Where the wild things grow ...

Should I talk about Eleanor Catton? Everyone else has been, and then some.  I don't know that I could add much to the conversation. Still, I have been thinking about it quite a lot. I think our politics have more in common than not, but whether I agree with her or don't, she should be able to express her views about her home country without fear of retribution. She's raised issues it would be useful to debate in a wider forum, but she was effectively told to shut up and called a traitor, which gives the lie to our recent top polling as a socially progressive nation. And telling her that she should stick to her writing and leave political comments to others is patronising and a few other things that I will let you draw your own conclusions about. It's a shame that the name calling might sweep the issues under the rug.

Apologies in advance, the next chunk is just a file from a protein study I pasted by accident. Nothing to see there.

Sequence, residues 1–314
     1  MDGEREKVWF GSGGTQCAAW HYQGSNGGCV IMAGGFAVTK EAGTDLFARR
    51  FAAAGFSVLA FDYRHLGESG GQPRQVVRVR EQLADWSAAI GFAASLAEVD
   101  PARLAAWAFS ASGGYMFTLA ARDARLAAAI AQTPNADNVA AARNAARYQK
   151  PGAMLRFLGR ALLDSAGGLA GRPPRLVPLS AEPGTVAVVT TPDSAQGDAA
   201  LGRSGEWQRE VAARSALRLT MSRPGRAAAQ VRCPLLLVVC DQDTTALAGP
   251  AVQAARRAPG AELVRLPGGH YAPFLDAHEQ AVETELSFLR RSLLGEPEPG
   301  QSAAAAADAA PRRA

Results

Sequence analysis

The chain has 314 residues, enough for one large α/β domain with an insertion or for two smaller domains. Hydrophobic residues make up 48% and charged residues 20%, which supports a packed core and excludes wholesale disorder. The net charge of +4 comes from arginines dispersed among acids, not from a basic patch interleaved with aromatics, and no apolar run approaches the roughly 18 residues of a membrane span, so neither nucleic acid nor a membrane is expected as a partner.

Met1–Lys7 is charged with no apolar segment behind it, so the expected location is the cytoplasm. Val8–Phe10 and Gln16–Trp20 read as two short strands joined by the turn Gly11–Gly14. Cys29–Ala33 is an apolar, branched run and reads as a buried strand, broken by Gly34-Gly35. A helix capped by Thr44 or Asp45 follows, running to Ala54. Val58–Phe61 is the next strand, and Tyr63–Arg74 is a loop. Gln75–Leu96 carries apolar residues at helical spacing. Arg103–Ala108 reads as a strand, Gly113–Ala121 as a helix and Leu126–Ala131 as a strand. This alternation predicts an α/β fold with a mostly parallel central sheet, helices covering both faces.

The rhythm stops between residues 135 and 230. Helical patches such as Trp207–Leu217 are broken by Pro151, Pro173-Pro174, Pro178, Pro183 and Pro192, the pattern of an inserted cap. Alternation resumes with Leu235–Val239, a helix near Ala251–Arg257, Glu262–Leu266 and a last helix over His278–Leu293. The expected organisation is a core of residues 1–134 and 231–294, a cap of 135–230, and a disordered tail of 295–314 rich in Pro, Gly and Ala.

Catton called out a lack of support for arts and culture here. Yet she's received money and accolades and adoration nation-wide, as people have readily pointed out. But folks she's received these things because she is deserving of them. And if she's had $50,000 worth of support over several years as she's risen in prominence, this is not exactly living the high life and it's important to realise this is not what writers generally receive either. For every writer who receives some financial manifestation of support or encouragement there are many more who never get anything.